An acoustic sensor detected a hydrate plug in a submerged deepwater pipeline offshore Angola earlier this year.

While TSC Subsea’s Acoustic Resonance Technology (ART) is not new, the company developed an acoustic-sensing equipment package called ART vPush that could be propelled by a ROV specifically to detect the hydrate blockage in the Angolan pipeline. The job required partial pre-dredging of the pipeline, the actual ART vPush inspection, and follow-up high-resolution imaging of the ends of the hydrate plug carried out by TSC’s Acoustic Resonance Technology External Measurement Inspection System (ARTEMIS). 

TSC uses ART to inspect or look inside walls of pipelines with “substantial coating on the exterior,” said Jonathan Bancroft, TSC Subsea global sales director.

An Italian operator had a submerged 8-inch 3LPP coated water injection line in 1,300 m water depth that was blocked by a hydrate somewhere in a 12-km stretch of pipeline. DOF Subsea Norway, a contractor for the Italian operator, sub-contracted with TSC Subsea to develop an acoustic method of locating the blockage.

“They wanted a fast and efficient way to locate it and size it accurately,” Bancroft said.

Hart Energy July 2022 - Subsea Pipeline Inspection Hydrate Plug - Image of TSC Acoustic ART vPush offshore Angola
A DOF Subsea ROV propels TSC Subsea’s ART vPush acoustic pipeline inspection system along a semisubmerged pipeline offshore Angola earlier this year. (Source: TSC Subsea)

TSC developed the ART vPush means of deploying the technology via ROV, and its debut deployment was for the Angola pipeline. 

“We developed a slide system to push it along the topside of the pipe by the ROV while looking from the top section into the pipe for any signs of the hydrate plug,” Bancroft said.

The resulting vPush is a moving platform that can rapidly assess pipeline contents acoustically over complete pipe runs. It collects data in real time that is sent to the surface via fiber-optic cable, and the data is processed to identify the presence of hydrates.

Rated to 3,000 m water depth, it can be deployed via ROV manipulator or fitted directly onto an ROV. 

Preparing for the run

Before the Angolan pipeline could be inspected, it first had to be partially dredged so the vPush could slide along the top of the line.

“By only positioning sensors on the top section of the pipe, we could limit the amount of dredging,” he said.

Dredging was carried out in late 2021. Even though dredging operations had removed the obstructions between 10 and 2 on the clock face, by the time the ART vPush was deployed in January, some sediment had already settled on top of the line. 

“We needed a low-pressure jetting system to jet away the loose debris as it was moving along the pipeline,” Bancroft said.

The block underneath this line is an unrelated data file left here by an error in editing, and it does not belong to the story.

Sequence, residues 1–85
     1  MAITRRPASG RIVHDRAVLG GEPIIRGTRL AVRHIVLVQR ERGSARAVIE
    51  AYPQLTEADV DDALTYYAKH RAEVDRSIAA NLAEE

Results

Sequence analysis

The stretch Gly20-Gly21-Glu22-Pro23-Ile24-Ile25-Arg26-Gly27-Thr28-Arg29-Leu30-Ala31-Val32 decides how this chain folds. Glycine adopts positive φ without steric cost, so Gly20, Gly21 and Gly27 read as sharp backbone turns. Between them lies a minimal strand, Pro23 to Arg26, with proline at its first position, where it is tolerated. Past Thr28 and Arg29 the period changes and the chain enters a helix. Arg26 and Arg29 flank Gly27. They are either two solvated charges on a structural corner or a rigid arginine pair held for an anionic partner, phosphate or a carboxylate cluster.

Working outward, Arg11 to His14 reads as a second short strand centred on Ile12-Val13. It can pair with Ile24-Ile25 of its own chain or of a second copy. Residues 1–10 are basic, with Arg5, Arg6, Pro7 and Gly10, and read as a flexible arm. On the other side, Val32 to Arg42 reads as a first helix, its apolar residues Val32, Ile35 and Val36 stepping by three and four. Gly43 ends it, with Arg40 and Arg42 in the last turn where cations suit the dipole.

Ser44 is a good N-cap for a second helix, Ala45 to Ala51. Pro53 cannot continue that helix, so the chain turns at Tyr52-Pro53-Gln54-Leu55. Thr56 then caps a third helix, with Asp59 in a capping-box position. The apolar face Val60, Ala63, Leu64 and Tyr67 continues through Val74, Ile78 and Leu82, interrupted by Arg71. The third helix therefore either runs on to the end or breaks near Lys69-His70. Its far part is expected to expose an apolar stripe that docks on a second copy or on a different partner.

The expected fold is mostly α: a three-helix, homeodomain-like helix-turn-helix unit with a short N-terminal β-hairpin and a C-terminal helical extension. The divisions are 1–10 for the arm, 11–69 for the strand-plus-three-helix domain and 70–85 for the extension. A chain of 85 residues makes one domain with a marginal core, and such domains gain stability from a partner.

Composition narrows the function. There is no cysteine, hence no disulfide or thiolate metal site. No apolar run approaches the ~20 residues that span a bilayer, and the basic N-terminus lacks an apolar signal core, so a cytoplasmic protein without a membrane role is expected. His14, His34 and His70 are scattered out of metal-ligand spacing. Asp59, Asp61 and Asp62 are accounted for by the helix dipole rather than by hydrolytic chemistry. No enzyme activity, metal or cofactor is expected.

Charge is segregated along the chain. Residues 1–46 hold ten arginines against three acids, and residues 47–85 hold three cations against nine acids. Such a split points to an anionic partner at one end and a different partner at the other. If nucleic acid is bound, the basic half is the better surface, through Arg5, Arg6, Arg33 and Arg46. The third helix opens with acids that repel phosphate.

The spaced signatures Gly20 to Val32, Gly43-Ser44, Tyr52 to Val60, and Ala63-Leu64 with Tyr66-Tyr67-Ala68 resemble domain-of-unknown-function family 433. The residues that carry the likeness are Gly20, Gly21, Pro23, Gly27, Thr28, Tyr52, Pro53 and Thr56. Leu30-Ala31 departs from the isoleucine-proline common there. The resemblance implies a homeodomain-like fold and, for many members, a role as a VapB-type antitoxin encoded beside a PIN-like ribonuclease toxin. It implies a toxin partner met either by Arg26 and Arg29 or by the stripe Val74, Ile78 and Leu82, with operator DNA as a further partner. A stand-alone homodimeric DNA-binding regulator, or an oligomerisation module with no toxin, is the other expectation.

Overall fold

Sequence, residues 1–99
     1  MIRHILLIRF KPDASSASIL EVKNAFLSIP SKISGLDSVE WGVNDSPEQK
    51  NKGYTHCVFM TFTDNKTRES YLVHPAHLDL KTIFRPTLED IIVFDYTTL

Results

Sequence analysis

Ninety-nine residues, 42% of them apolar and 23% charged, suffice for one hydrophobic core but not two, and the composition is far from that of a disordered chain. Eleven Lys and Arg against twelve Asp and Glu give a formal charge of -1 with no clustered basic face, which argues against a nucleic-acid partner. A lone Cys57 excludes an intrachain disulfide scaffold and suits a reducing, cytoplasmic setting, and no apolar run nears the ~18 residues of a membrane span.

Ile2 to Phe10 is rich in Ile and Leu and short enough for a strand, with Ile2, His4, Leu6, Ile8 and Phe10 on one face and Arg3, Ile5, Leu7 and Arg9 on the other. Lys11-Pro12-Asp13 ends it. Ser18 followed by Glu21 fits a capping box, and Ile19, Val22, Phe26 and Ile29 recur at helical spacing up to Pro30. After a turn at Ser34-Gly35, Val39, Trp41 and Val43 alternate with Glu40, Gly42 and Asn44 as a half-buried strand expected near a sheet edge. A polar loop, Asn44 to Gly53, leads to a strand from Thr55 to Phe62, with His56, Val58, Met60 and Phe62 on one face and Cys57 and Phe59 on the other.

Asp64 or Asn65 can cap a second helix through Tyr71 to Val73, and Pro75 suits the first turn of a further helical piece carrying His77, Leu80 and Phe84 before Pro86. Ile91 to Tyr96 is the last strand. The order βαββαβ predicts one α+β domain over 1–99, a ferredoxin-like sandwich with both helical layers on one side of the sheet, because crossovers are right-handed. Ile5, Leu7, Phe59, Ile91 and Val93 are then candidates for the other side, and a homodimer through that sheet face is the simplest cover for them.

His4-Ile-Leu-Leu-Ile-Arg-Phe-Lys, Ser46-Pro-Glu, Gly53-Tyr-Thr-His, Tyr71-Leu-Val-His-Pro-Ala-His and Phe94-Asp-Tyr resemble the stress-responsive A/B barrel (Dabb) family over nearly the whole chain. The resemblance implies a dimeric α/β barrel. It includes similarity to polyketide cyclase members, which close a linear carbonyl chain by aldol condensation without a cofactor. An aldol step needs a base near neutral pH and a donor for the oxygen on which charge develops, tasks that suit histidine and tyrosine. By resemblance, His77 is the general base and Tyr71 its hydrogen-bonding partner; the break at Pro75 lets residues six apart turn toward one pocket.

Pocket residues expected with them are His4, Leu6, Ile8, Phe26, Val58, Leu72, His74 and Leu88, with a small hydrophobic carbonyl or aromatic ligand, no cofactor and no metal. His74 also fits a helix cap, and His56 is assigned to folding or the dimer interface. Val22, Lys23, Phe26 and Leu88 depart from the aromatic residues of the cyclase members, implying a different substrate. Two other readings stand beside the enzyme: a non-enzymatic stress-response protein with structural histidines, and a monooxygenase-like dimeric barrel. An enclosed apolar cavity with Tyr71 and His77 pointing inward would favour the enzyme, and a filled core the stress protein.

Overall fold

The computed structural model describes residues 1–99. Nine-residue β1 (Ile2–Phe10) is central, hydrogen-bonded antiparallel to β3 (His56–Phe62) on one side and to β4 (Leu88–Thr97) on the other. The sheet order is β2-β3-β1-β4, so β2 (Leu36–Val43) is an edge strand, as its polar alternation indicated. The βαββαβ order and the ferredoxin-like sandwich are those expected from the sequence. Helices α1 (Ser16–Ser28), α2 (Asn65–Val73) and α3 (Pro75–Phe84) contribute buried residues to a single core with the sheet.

Hart Energy July 2022 - Subsea Pipeline Inspection Hydrate Plug - Rendering of TSC Subsea ART vPush
Rendering of TSC Subsea’s ART vPush. (Source: TSC Subsea)

The ART vPush was deployed from a DOF Subsea ROV.

It carried out the 12-km inspection in one 33-hour run from an ROV operating at about half a knot speed, Bancroft said. 

TSC Subsea’s ART works by emitting a sound signal toward a target, such as the pipeline wall, recording the returning sound signal after it resonates in the target, and identifying the resonant frequencies, which allows for direct measurement of the target’s thickness.

Once the ART vPush located the start of the hydrate plug, it carried on scanning until it reached the end of it.

“We were able to give an accurate size of the plug,” Bancroft said.

With the end points of the plug defined, it was necessary to fully dredge around those locations to allow ARTEMIS to carry out high-resolution imaging of the ends of the hydrate.

“The operator wanted a lot of high-resolution scans around the ends of the plug,” he added.

According to Bancroft, historically xray technology would have been used to locate a hydrate blockage. 

Subsea “acoustic hydrate detection didn’t exist before this,” he said. 

One of those reasons, said Rolf Sporkel, TSC Subsea business development manager, is that acoustic sensing generates a vast amount of data, and that data must be sent from subsea to the surface.

“This amount of data needs to fly in a very short time to maintain the speed of the movement of the vPush,” he said. 

Fiber-optic transmission is necessary to have that quick rate of communication, he said.

Hart Energy July 2022 - Subsea Pipeline Inspection Hydrate Plug - Close up image of TSC Subsea ART vPush offshore Angola
Close up of TSC Subsea’s ART vPush acoustic pipeline inspection system being propelled by an ROV along a semisubmerged pipeline offshore Angola earlier this year. (Source: TSC Subsea)

And while the vPush kit was developed purely for the Angola job, Bancroft said, there has been a “huge amount of” interest in it, and some tenders are out.

Now that the ability to acoustically detect hydrates in deepwater via the vPush has been proven, TSC is looking into other use cases, such as detecting the buildup of hydrates and wax deposits before a plug forms, he said.

“We’ve proven to ourselves that the technology is capable of scanning through protective coating and detecting and sizing the hydrate,” he said. “Now we need to work backward and see if we can detect buildup before it turns into a plug. That’s the ultimate goal.”